During their work the children were always in motion; however, the motion was one of focus and intentionality. While we have not yet introduced the word ‘mindfulness’, or the language that accompanies conversations about mindfulness among adults, the children remained focused and engaged throughout the time spent in this endeavor.

“The Mandala is an archetypal image whose occurrence is attested throughout the ages. It signifies the wholeness of the self” ( C.G. Jung, Memories, Dreams, Reflections, 1957, pp. 401 – 402).

In what ways do you observe your children being mindful?

The Art of Mandalas: Mindfulness in the Classroom

Boulder Journey School collaborates regularly with Hawkins Centers of Learning to hold evening workshops, open to the community. To learn about and register for upcoming workshops, click here.

The topic of each workshop varies; however each experience offers time and space to engage in the three phases of Messing About, as proposed by David Hawkins.


In October, 2017, we focused our workshop on mandalas and how the creation of mandalas is tied to the practice of mindfulness. We viewed the construction and deconstruction of a sand mandala from Werner Herzog’s documentary on Buddhism, Wheel of Time.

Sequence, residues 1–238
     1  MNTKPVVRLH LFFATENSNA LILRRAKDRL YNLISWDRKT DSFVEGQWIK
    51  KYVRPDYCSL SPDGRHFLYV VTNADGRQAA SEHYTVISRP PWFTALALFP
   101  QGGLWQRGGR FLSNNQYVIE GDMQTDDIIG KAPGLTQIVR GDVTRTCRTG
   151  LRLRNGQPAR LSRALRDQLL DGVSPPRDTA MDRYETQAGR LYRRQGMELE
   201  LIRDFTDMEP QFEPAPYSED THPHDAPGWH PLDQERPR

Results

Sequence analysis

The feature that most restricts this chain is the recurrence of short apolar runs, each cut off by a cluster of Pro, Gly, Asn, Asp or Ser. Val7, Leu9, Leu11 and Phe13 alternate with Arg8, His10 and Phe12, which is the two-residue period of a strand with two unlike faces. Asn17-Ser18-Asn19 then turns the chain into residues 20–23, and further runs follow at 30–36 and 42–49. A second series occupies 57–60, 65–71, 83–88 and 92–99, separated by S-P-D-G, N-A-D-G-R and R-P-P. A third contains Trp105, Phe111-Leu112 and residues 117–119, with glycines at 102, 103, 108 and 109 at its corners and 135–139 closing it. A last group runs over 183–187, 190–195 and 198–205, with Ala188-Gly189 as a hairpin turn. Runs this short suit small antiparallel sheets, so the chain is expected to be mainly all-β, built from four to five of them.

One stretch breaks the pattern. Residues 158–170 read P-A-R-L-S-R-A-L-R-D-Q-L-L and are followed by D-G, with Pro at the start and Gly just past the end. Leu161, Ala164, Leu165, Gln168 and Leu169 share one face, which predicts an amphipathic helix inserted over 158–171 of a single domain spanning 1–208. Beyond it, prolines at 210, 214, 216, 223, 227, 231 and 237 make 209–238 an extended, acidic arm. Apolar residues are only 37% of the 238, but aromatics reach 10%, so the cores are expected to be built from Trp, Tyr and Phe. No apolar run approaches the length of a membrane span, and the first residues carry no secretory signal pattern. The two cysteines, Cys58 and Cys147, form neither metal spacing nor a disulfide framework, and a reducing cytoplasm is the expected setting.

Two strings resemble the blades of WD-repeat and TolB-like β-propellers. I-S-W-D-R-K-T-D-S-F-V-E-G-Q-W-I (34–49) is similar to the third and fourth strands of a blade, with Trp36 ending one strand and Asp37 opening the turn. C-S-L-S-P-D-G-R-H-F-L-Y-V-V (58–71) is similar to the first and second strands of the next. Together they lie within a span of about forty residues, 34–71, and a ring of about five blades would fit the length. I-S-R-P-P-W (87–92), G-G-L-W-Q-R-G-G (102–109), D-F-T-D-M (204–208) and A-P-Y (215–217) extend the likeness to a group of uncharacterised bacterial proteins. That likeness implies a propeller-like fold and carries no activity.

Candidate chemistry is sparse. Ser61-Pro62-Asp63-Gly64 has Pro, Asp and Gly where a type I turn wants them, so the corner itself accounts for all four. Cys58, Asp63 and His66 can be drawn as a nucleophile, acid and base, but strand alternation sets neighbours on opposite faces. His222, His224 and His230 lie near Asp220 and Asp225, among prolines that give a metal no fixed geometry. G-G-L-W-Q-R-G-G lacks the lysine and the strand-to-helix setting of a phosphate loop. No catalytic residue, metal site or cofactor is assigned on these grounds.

Participants reflected on the tension they felt as they watched the monks destroy the intricate design. As a group, we reflected on the relationship with work when we intentionally create temporary work. How does temporary work offer us the mindset to focus on the process rather than the product? What are the experiences of temporary artists such as Andy Goldsworthy and Christo?

Together we dove into the traditional definition of a mandala. We took meaning from an interview with the Venerable Khenpo Rinpoche, who explained that ‘mandala’ is made of two words: man, which means mind, and da, which means maintaining. A mandala is a tool for maintaining the mind.

Additionally, the word mandala is sanskrit for circle, which signifies completion.

The Venerable Khenpo Rinpoche explained that everything is circular and completed within the mind – the mind is the source of everything, which when expanded, offers itself as the house of the deity. For this reason, the mandala should be luxurious, “the house of the deity is not a poor house” (The Meaning of Mandala, 2013).

Mandala created by a participant in the workshop.

Although we do not typically associate Buddhist monks with luxuries, this interpretation of mandala offers a space to recognize the luxuries within our own thoughts and creations.

Turning to Western interpretation of mandalas, we explored Carl Jung’s use and subsequent popularization of the mandala in psychology. Jung spent time drawing mandalas every day. He reflected,

“Only gradually did I discover what the mandala really is:

And that is the self, the wholeness of the personality, which if all goes well is harmonious, but which cannot tolerate self-deceptions.